But the racial contract isn’t always so conspicuous.
“It doesn't need you to think about it to work,” says Adam.
Unconscious bias is way ingrained
The Trump administration might not be making an explicit decision about the racial inequality of its pandemic response.
“When issues become racialized, people act in that way, even if they don't consciously think about it,” he adds.
In Wisconsin, the state Supreme Court recently heard a case over the legality of the governor's stay at home order. When the state's attorney brought up an outbreak in Brown County, which is home to a meatpacking plant, the Chief Justice interrupted him:
“Due to the meatpacking, though, that’s where Brown County got the flare,” she said. “It wasn’t just the regular folks in Brown County.”
Maybe she simply meant that meatpacking workers have a high-risk job, and not that they aren’t “regular folks.”
“Oh, she meant it,” says Danielle.
“But either way, she's separating out these people who are at high risk of contracting the disease and saying they don't really count for the purposes of this law that is supposed to protect everybody,” Adam points out.
“That reflects a particular calculus that says [because] this emergency is only affecting certain people … it doesn't really require the extraordinary measures we're taking in order to combat the spread of the virus — particularly since it's inconveniencing me, a regular person who is not at risk in the same way,” he notes.
“I don't think that there's necessarily conscious malice involved.”
The Trump administration on COVID-19: ‘Malice or indifference’?
Danielle sees a throughline between today’s anti-lockdown protests and Dred Scott v. Sandford, the 1857 case in which the U.S. Supreme Court decided that people of African descent (both free and enslaved) were not citizens –– and never could be.
“That presumption has been ingrained in our culture,” she says, adding that the insistence of white protestors on their right to rally with zero concern for social distancing or respect for authority, “seems to be about the right to oppress.”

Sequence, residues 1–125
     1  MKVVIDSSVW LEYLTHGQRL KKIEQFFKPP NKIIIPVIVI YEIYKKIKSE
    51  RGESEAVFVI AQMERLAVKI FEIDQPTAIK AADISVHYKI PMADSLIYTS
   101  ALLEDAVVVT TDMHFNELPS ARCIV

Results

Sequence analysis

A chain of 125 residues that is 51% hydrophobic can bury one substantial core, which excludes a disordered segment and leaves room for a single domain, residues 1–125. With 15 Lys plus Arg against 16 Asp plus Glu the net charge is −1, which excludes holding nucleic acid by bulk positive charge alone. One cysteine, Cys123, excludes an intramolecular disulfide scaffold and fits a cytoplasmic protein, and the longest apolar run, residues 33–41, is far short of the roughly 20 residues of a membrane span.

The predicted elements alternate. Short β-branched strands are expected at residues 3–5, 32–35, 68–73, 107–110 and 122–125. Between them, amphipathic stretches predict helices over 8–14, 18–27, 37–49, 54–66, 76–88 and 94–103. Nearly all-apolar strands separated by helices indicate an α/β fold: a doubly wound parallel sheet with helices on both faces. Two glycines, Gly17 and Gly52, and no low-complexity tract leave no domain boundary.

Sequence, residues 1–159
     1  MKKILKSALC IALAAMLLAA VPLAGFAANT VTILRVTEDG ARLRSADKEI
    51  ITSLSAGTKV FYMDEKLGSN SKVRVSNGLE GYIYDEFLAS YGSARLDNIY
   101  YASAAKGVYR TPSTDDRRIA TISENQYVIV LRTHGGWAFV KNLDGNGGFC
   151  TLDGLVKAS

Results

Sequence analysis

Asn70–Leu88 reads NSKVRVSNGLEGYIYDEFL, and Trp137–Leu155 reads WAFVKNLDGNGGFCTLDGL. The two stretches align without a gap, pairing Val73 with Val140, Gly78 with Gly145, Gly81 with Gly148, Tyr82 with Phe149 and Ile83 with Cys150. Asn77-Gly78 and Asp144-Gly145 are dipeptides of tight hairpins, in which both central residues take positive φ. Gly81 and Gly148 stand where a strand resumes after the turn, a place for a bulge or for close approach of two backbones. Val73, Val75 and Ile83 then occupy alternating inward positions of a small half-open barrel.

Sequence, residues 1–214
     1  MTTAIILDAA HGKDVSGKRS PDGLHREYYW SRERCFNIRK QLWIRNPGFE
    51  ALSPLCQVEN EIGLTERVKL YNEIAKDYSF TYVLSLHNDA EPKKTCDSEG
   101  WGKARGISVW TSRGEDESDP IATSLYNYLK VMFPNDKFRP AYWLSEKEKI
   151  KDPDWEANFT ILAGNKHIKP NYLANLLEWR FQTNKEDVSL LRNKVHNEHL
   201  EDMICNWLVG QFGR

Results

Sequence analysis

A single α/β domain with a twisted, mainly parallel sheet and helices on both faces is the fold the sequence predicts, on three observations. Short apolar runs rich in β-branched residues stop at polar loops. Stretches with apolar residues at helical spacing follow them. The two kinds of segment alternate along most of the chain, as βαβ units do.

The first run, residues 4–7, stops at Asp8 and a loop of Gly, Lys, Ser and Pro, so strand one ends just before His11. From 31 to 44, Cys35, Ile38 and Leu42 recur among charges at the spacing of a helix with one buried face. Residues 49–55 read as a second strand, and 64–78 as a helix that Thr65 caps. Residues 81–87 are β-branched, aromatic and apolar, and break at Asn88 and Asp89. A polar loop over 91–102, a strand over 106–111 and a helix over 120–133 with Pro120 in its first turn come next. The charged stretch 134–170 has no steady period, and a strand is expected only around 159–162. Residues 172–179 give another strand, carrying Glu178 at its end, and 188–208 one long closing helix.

Danielle wonders what the Trump administration would do if their base was suffering from COVID-19 in the same numbers as “blue states.” She finds it troubling when we don't call out the intentional malice.
“I recently have gone after several cable news anchors for insinuating that the Trump administration isn’t evil –– it's just that the policies it puts forth don’t benefit all people.”
That kind of forced neutrality strains credulity. “Words are important and they matter,” she says.
“It almost doesn't matter whether it's malice or indifference,” Adam notes. “The devastation is the same.”
‘Racial citizenship’ is older than America itself
The idea of racial citizenship crystallized in the Dred Scott case predates the republic, says Adam.
“Even during the Revolutionary War, people in the north were looking at these principles of liberty and they're also saying slavery is wrong … other people were making the point that American colonists were slaves to Great Britain, but ... African slavery, that's okay.
“At that point, we had to come up with a framework for why Britain enslaving the colonists is bad, but the colonists enslaving Black people is good. In that, we had the birth of the idea of racial citizenship, which is completely antithetical to the word of the American creed, but inseparable from the way it has actually been executed.”
Adam argues that the United States has really only been “a full democracy –– on paper –– since 1965. That’s the first time the right to vote is guaranteed on paper. And I emphasize on paper because there are lots of different ways to disenfranchise people.”
Our attempt to build a genuine, multiracial republic is a project that’s “actually pretty fragile,” he adds. “It's not as old as people think it is. And it's vulnerable ... to the kinds of forces that we see being empowered right now.”
‘Negative partisanship’ and acceptable risk
Touré thinks the red-blue pandemic divide is exacerbated by a “relatively modern right-wing GOP obsession: Everything the media says is wrong and everything that the left says is wrong.